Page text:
Cost of living crisis: Credit union heating loans ‘almost double in a month’

Credit union loans to pay for home heating oil have almost doubled in the past month, with the size of loans having also almost doubled.

By Niall Deeney
Thursday, 10th March 2022, 1:01 am
Updated Thursday, 10th March 2022, 10:35 am

That is according to the Ballymena and Causeway Credit Union, who dropped the interest rate of their loans as a “gesture of goodwill” amid the cost of living crisis.

The surge in costs for home heating oil along with diesel and petrol has been added in recent weeks to a sharp rise in prices for food and other essentials.

While soaring inflation is continuing to bite across the UK, in Northern Ireland the cost of home heating oil has in some instances almost doubled.

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Oil is still the most common way to heat Northern Ireland homes

Julie Martin, marketing manager from the Ballymena and Causeway Credit Union, said: “We always would have had a home heating loan in place at a lower rate, which is only for home heating.

“On the 25th of February we put out a home heating reduction because we know that times are tough for everyone at the moment.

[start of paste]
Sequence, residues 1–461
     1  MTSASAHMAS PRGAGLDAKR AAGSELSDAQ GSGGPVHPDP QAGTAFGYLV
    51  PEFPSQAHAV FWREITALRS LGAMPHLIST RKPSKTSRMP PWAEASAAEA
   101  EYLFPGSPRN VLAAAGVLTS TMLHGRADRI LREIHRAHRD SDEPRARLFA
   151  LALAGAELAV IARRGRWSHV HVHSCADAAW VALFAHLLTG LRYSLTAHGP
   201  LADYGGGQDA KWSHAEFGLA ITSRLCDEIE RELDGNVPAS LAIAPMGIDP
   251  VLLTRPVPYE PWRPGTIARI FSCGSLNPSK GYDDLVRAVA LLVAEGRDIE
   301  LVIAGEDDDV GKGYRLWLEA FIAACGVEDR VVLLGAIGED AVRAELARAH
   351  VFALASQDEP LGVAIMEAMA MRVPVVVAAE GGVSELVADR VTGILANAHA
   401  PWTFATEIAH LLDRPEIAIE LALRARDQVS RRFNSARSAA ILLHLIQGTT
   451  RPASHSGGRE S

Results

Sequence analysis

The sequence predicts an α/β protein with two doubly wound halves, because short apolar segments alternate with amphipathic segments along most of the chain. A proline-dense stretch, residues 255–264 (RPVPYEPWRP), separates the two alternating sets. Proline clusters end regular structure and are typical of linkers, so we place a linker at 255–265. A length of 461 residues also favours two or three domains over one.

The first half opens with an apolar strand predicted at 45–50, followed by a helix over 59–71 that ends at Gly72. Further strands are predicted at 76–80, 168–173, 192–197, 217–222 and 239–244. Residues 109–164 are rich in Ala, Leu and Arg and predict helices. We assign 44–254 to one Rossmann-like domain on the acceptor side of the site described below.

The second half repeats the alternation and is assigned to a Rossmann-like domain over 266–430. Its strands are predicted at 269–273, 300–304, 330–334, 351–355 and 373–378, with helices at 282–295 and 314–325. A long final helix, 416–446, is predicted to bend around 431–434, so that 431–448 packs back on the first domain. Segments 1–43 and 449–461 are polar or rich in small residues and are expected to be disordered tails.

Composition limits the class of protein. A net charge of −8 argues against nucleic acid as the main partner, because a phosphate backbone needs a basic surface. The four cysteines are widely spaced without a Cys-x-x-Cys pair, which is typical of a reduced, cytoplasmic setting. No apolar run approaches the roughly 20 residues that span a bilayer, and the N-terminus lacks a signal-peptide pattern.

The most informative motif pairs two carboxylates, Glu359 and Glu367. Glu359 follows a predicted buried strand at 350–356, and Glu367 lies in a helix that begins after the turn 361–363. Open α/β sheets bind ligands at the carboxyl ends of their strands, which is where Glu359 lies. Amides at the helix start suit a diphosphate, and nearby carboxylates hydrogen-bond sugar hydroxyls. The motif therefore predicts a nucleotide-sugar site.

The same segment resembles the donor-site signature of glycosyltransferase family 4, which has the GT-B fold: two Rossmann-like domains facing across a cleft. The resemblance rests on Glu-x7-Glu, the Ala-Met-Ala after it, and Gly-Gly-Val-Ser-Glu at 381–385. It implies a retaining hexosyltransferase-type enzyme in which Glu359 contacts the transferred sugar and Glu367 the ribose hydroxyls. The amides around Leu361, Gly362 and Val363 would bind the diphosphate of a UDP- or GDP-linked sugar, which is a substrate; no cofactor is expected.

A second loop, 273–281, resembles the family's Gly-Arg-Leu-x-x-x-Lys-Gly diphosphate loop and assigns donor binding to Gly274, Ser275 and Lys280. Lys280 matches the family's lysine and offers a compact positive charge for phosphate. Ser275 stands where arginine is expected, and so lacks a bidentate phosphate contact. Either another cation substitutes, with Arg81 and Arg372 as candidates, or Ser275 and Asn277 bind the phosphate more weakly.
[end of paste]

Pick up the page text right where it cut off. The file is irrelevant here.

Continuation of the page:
“Our normal rate is 8% and we’ve lowered it to 4.9%.

“It was done as a goodwill gesture, really, to help people and let them know that we are here.”

She continued: “People are struggling. We would even find that we’ve had a few people contact us to say that they’re struggling with the repayments on their loans, because of the cost of everything at the minute.

“Our home heating loans have almost doubled in the last month.

“The average member would have taken out £300 before the increase and now the average is £570.”

The cost of fuel has also continued to surge.

There were reports in some areas of Northern Ireland yesterday of diesel prices now approaching £2 per litre.

One filling station, in Waringstown, had diesel for sale at £195.9.

Meanwhile, more than two-fifths (42%) of families with children living at home are expecting to take on additional debt to deal with soaring energy bills, according to a financial confidence tracker.

A third (33%) of families with children said they had struggled to pay their household bills over the previous week, according to the research carried out in mid-February.

And nearly a fifth (19%) of people without children at home think the energy costs crisis will push them into further debts.

Alex Hasty, director at comparethemarket.com, said: “Many households are facing a significant increase to their outgoings and could be pushed into debt.”

Around a third (32%) of households with children at home are not confident about meeting their financial obligations in the coming weeks, with one in five (21%) households without children feeling the same way. Comparethemarket’s findings were based on a survey of 2,100 people across the UK.